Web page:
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U.S. STRATEGIC ENGAGEMENT WITH NORTH KOREA
Tensions between the U.S. and North Korea have risen and fallen in a cyclical fashion for decades since the Korean War insufficiently concluded with a military ceasefire agreement in July 1953. While some efforts toward dialogue have been made, deadlock remains on the Korean Peninsula.
The current policy of "strategic patience," which awaits voluntary North Korean nuclear disarmament as part of peace treaty negotiations, has proven ineffective. Further evidence of the failure of "strategic patience" came when North Korea conducted its fourth nuclear test in January 2016.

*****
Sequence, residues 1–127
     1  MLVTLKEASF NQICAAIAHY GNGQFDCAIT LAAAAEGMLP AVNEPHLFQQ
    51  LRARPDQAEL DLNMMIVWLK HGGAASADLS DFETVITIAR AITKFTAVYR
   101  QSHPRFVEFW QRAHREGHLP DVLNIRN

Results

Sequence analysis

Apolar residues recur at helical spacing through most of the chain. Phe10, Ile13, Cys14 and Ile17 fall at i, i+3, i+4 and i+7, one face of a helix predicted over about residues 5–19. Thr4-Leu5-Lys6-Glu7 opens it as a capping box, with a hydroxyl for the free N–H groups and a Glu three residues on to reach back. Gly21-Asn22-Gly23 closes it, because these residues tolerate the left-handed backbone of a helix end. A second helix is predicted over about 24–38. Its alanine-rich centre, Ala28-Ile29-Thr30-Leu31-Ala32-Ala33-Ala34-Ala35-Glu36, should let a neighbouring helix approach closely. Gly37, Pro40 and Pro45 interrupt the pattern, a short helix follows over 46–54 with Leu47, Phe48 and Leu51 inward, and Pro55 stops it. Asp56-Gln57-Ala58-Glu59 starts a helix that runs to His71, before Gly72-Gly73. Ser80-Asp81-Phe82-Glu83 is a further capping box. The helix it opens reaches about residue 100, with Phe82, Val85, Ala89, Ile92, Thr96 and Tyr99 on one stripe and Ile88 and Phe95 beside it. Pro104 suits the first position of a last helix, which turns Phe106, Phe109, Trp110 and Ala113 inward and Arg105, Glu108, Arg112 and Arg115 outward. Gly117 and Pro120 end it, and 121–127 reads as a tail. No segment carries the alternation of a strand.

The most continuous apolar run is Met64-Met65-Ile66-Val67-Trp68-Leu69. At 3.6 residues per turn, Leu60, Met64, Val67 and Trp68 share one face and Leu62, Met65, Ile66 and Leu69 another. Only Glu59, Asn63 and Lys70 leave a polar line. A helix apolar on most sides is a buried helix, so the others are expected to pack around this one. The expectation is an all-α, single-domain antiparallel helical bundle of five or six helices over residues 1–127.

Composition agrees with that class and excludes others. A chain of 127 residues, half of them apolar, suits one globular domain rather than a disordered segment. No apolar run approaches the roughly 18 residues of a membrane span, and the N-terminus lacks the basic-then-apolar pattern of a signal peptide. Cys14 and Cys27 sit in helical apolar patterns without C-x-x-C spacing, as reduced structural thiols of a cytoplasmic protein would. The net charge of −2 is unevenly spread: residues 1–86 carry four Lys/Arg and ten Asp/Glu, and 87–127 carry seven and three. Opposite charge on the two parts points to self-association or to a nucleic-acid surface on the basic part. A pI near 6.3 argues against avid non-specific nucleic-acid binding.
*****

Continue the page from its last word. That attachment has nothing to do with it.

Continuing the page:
It's time for the U.S. to implement a policy of strategic engagement and seek a diplomatic solution to the deadlocked conflict.
Diplomatic solutions require trust building and dialogue, which means that engagement should be strategic and directed at intermediate steps to normalize relations. The Korea Peace Network has developed a set of recommendations for strategic areas of engagement between the U.S. and North Korea to foster an environment conducive to diplomacy.
The following recommendations are the result of consultations and lessons learned from civil society organizations, faith-based organizations, international coalitions, policy analysts, activists, and officials from the U.S., North Korea, and South Korea.